Tuesday, March 22, 2011

Growth In Tough Times

I have found it a bit hard to write in the last few weeks. So much going on in the world. I am not a reader that purports to be able to predict world events. I work more on an individual basis with what I pick up in a person's immediate life experience. At the same time there are trends that I see affecting everyone. Sometimes I have to acknowledge that. I found, for instance, around the time of the 9/11 disaster that I had to differentiate between the overall stress of that time and how individual people were working through things. What I see in terms of mass / community consciousness IS important. Even before  many of these things started playing out, I have seen a lot coming in the next while that has to do with people reaching out, communities and neighborhoods growing to accomodate need and people putting their lives into a greater perspective.

Many things are having to work differently. How people look at separation, for instance, has economic and stress related aspects that are very different from even as little as two years ago. People are having to cooperate differently as families and colleagues. Our sense of personal security is vastly different than it was a decade ago. Retirement, for many is looking like a different kind of deal than the more "get away from it all" luxuries of the 1980s. At the same time, we seem to be actually getting back a different sense of worth that for many was lost.

In the last few weeks the terrible disaster in Japan has been either directly or indirectly affecting everyone. I give some mention to this in a reading when I feel it. Rather like a condition that colors a lot of other aspects. I don't have any easy answers but what I have the privilege of seeing in many people, both as customers as well as friends and family is how we are pulling through.

I have a younger relative that until recently was teaching in Japan. She is determined to go back and help out when she can. My family is pulling together to do what we can to support her and her friends overseas. Although the impetus for this was terrible. It also seems to be something that has my family coming together in a way we hadn't for a while. I am also seeing great differences in the issues clients are bringing. many have a greater world concern than I have ever seen before and that is inspiring. That I can share with you.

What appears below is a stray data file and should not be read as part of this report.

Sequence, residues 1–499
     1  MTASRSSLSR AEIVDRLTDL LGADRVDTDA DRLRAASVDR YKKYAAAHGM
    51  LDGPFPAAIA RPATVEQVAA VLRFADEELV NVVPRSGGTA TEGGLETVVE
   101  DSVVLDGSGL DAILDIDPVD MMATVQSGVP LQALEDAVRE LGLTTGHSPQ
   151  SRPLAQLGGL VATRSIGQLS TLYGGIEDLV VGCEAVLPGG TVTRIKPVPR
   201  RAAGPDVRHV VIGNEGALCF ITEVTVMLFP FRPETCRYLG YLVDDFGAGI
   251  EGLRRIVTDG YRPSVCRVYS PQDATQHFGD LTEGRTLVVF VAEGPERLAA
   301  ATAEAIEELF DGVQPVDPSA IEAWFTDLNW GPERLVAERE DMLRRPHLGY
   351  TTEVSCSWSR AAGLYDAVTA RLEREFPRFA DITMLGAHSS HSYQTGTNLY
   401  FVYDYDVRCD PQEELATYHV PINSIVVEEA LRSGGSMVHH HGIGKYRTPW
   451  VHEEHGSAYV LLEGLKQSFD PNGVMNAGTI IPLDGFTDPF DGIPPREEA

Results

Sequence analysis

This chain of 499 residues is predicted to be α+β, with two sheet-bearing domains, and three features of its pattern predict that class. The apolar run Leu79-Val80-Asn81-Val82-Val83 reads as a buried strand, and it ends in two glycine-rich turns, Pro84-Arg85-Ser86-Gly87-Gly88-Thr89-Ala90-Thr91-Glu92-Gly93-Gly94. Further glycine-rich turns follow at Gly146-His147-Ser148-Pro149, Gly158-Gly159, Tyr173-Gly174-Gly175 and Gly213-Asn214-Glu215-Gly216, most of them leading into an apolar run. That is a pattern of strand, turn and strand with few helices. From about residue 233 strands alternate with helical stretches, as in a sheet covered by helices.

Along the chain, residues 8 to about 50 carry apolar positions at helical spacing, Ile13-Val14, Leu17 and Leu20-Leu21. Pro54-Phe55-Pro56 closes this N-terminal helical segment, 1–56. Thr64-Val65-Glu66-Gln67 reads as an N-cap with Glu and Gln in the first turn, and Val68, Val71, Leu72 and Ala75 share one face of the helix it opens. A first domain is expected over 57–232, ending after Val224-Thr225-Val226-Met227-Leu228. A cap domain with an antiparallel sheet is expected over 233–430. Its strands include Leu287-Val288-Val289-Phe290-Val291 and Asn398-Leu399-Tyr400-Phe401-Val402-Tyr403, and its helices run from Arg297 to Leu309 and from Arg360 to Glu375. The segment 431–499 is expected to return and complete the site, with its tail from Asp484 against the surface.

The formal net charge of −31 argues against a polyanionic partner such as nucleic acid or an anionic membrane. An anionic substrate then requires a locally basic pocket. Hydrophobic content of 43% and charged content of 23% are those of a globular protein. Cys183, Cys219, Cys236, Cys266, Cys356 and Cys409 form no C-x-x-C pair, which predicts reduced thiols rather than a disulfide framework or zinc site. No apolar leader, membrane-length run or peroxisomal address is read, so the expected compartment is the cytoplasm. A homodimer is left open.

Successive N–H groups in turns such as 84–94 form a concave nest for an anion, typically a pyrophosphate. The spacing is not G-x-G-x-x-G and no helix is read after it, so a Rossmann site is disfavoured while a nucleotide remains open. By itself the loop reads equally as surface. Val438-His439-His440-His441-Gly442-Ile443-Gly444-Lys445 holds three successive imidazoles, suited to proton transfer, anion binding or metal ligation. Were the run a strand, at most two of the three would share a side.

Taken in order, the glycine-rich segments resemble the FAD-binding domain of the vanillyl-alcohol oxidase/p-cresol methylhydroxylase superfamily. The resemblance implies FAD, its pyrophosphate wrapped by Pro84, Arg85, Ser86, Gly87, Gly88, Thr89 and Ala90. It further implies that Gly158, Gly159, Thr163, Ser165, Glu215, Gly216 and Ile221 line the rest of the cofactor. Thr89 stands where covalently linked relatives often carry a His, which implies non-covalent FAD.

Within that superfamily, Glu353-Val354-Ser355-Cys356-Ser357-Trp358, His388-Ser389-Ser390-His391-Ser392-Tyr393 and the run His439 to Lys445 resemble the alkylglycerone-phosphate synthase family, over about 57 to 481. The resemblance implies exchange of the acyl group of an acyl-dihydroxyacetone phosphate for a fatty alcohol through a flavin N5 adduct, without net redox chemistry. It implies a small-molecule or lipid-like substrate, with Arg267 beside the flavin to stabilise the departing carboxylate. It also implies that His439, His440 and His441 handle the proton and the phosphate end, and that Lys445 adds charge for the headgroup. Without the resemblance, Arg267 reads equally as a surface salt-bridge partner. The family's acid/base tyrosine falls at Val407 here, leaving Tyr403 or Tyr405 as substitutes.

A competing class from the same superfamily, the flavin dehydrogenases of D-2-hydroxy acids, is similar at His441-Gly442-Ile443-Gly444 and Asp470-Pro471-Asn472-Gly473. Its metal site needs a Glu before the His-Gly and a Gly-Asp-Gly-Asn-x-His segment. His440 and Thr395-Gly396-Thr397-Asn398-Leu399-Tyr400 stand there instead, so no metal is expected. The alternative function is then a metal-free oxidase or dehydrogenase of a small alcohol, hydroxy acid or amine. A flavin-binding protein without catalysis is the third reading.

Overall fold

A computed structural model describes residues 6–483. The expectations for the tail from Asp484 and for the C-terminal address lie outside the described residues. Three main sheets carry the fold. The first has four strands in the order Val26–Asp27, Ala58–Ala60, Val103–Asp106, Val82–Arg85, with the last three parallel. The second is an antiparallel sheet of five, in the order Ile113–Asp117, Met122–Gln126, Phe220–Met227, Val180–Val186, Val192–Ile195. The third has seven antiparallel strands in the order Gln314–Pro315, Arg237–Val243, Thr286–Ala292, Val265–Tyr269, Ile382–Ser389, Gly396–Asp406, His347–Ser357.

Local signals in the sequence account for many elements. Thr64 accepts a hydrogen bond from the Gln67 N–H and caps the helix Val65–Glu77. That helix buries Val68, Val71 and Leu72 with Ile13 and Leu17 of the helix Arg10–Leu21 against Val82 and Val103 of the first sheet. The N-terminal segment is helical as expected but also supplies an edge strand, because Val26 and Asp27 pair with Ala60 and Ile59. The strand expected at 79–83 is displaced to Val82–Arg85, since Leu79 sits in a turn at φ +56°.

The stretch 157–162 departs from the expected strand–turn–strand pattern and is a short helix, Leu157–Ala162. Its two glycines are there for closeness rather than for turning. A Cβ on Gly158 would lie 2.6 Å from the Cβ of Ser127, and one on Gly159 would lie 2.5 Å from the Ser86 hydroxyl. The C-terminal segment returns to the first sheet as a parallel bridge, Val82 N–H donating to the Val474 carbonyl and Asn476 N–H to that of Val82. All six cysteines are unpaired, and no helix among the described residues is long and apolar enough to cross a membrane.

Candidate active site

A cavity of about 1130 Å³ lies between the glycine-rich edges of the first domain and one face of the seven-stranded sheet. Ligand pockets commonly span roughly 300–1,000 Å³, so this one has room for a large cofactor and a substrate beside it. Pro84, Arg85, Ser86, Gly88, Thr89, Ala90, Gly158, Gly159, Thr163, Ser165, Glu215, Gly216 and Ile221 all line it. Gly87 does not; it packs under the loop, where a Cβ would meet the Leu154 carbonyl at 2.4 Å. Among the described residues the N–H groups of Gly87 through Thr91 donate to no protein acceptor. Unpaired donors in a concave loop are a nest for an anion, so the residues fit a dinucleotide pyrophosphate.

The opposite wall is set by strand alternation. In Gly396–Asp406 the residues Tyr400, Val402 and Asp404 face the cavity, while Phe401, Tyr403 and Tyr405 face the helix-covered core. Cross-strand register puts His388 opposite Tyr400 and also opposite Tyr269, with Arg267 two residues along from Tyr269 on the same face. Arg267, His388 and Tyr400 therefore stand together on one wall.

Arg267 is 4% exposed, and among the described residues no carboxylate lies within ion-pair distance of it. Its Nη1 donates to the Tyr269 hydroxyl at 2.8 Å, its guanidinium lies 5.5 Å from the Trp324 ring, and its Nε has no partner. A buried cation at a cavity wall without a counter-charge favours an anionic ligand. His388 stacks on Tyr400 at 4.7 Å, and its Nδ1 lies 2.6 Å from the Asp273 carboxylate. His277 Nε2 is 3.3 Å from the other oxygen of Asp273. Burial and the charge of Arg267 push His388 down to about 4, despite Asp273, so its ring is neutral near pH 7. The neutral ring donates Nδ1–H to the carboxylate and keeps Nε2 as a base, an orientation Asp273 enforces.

When the going gets tough, the tough get going, they say. Somewhere in the great wars of the last century someone also said "this is what seperates the men from the boys". Certainly there are times where upheaval and stress brings out the best and worst in all of us. I find both to be true in myself. The key thing seems to not try to manage it all. To do what we can, the best we can and to stay in the game.

Another saying I think of is "twenty percent of the people do eighty percent of the work". While this may be true I also notice that when world disturbances happen, there are about eighty percent that run about like Chicken Little, hollering that the sky is falling, while about twenty percent are like the Little Red Hen, doing what they can with what they find and not being side tracked by the unnecessary drama of others.

Whether we like it or not we are all affected by calamities in the world, whether it's the compassion of humanitarian concern or indirectly in gas prices and groceries and the stress of others. I see a lot of polarities in times like these. People are either drawn into distraction to escape themselves or in listening to their hearts to move with a sense of attraction toward growth and cooperation with whats going on.

Sometimes we cant have easy pat answers, so it's how we live with the questions. Faith certainly helps with that, or, for some, a kind of acceptance. I know people who don't necessarily practice a particular credo or faith path but still do a great deal that is constructive. Some of these people are relatively happy, useful and contribute to the well being of others. What most of these relatively content people have in common, whether it is with faith or not, is a basic sense of decency, recognition of worth (in self and others) and the ability to take what comes as a lesson, not a punishment or reward.

Last there is a story (I'm sure many have heard it, I'll tell it anyway) of a man walking on a beach where hundreds of starfish have washed ashore. When this happens the starfish dry up and die. He sees an old man out knee deep in the waves. The old fellow is smiling and throwing starfish back into the water. The younger fellow hollers to the old man "what are you doing"? The codger happily yells back "I'm saving starfish". The young man says "but there's so many...you won't really make a difference". The old man laughs and while throwing another one out over the waves says "made a difference to that one".

A Guest Post

My brother Ben  has a blog that I enjoy reading, much of it is about his experiences motorcycling with his wife, but he also posts about life and experiences. He has won some awards recently through Toast Masters and I am very proud of him. Here is a link to his recent post about dealing with rude people:
Rude People